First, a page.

Books are now enjoying their biggest renaissance since Johannes Gutenberg invented the printing press in the fifteenth century, says the CEO of Penguin Random House, Markus Dohle.
Unlike many other industries now suffering from the fallout of the coronavirus pandemic, the book-publishing industry is still growing, Dohle told Frederick Kempe, president and CEO of the Atlantic Council, in a March 8 Front Page event.
“COVID has only accelerated all these trends: more consumer spending, more physical books, more audience around the world, more kids’ books—30 percent [growth] last year in the United States—and, of course, the audiobook is still the format of the hour,” Dohle explained.
Why Dohle wants to “change public perception” of books
Dohle began his career with Bertelsmann, the German media conglomerate that owns Penguin Random House, as a project manager, later supervising printing companies from Colombia to Russia. He was eventually transferred to New York in 2008 to oversee Penguin Random House at a time of great uncertainty in the industry.
“When Kindle started [in 2007], everyone was freaking out. Everyone thought, ‘this is the end of the literary community as we know it,’” he said. But Dohle said he chose, in that moment, to grow the company both in digital and in print.
“I made a bet on print, when all the experts were saying printed books would be gone,” he said. “I invested a lot into the print format. We don’t care in which format our readers want to read. We want to reach as many readers as possible, so it’s not an ‘either-or.’”
One reason book publishing is doing so well, explained Dohle, is digital fatigue—especially since the onset of the pandemic.
“People are in front of screens all the time,” he said. “They like printed books. Even kids are not making that leap and wanting to read on a screen.”
Today Dohle supervises some ten thousand worldwide employees, sells books into two hundred countries, and publishes around fifteen thousand new titles annually.
“So many people said the book business is in trouble, which is actually not true because since the digital transformation of media started twenty years ago, every year, the book business was growing. But in the public eye, the book business was like this old thing that was always in trouble,” Dohle said. “I wanted to change the public perception of books and reading in long form.”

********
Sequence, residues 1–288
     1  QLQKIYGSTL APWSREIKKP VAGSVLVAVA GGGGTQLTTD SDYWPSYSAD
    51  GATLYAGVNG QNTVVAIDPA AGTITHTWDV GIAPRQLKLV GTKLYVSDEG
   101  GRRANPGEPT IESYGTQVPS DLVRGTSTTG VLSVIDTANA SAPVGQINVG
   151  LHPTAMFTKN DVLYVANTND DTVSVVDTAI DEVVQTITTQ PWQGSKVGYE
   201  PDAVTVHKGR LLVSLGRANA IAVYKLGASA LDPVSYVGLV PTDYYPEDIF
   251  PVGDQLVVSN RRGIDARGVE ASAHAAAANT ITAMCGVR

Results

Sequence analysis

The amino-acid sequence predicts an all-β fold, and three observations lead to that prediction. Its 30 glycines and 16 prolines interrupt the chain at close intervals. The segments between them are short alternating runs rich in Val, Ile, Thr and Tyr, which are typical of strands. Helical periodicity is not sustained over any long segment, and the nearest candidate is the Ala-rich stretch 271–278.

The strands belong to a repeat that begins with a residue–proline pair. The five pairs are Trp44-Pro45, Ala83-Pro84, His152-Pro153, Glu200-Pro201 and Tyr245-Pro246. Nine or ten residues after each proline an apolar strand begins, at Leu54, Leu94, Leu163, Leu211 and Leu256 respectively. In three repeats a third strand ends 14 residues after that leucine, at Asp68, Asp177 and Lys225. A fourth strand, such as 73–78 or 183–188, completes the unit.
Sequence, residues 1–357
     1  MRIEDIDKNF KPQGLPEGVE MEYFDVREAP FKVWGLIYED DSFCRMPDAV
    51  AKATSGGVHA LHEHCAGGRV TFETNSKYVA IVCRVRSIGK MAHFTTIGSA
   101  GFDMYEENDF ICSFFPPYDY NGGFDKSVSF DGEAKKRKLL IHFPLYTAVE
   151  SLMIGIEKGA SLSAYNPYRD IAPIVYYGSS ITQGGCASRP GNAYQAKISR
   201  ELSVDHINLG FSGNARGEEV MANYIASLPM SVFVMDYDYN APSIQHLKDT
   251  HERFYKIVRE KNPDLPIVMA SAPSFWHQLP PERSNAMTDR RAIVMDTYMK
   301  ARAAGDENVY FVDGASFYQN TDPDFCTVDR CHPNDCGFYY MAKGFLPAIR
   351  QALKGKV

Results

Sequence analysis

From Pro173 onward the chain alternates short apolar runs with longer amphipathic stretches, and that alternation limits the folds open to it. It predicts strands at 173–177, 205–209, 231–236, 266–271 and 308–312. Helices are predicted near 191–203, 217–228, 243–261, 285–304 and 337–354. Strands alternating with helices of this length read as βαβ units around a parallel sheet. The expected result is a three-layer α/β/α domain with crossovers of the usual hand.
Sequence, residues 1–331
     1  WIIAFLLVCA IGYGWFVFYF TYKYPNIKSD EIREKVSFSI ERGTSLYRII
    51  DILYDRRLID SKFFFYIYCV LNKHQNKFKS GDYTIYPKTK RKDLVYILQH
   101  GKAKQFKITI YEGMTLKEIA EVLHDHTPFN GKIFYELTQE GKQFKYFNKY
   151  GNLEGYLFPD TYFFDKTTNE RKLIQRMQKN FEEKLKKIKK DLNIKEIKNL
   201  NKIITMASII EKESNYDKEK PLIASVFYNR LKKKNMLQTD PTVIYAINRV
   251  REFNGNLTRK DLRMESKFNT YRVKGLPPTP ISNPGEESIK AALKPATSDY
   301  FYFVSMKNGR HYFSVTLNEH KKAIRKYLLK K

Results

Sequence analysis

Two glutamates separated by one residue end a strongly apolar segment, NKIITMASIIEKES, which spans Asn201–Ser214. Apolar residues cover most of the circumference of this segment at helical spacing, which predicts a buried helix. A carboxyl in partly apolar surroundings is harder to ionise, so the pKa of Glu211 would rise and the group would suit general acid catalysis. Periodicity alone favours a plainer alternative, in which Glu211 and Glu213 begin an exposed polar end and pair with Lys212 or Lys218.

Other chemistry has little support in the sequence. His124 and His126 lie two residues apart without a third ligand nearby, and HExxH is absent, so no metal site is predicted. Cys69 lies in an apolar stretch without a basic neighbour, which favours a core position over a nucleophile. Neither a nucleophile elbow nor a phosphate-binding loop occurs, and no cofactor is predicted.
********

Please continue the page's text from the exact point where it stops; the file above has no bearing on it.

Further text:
After a bet on print, a gamble on the Obamas
Dohle outlined several reasons for why he believes “this is the best time in publishing” since Gutenberg invented the printing press nearly six centuries ago: Consumers stuck at home due to the pandemic are spending more money on books than ever before; global literacy rates and the general population are rising; physical and digital books share a “healthy co-existence”—physical books accounted for 80 percent of total distribution in 2020—and audiobooks are expanding. It “goes back to the tradition of the campfire. Listening to stories is part of our DNA,” said Dohle.
During the pandemic, he said, “we gained a lot of readers, converted a lot of non-readers into readers—especially kids—and we are sure that with a growing population on the planet and increasing literacy, this business is set for more growth going forward.”
In 2019, Dohle took a $65 million gamble on Barack and Michelle Obama, buying global rights to the former president and first lady’s works in the biggest nonfiction deal in publishing history.
“Of course, I wanted to publish the presidential memoirs. There was not really a plan B for me,” he said, explaining that Michelle Obama’s Becoming has already sold more than fifteen million copies worldwide.
“Three months ago, we published the first volume of [Barack] Obama’s A Promised Land and we’ve already sold more than seven million copies,” he said. “It’s already the bestselling presidential memoir of all time.”
Dohle called the Obamas “great storytellers” and their books “instant classics.” Asked if the gamble paid off, he replied: “We are really in a good place. If we don’t make money when we publish the bestselling presidential memoirs of all time, then we are really in trouble.”
Yet 50 percent of the roughly fifteen thousand titles that Penguin Random House publishes each year don’t even cover their costs, said Dohle. “We invest in ideas, and every book is like its own startup. Many of them fail.”
Book publishers’ role in supporting fact and truth
Given the increasing polarization of American politics and the decline in free speech around the world—as noted in the most recent survey by Freedom House—Dohle said that “books might matter more than ever before.”
“In a world of social media, snippets of never-ending news cycles, in a world where facts and the truth are not really popular anymore, we as book publishers think our assignment is more important than ever,” he said. “We believe in facts and the truth, complementing the social discourse with a deep dive, a well-researched discourse on topics.”
As for whether the book bubble will burst once the pandemic is over and people will return to their pre-COVID habits, Dohle said it’s anybody’s guess.
“That’s why we’re called ‘Random,’” he quipped. “Everything is random in this business.”
Larry Luxner is a Tel Aviv-based freelance journalist and photographer who covers the Middle East, Eurasia, Africa, and Latin America. Follow him on Twitter @LLuxner.
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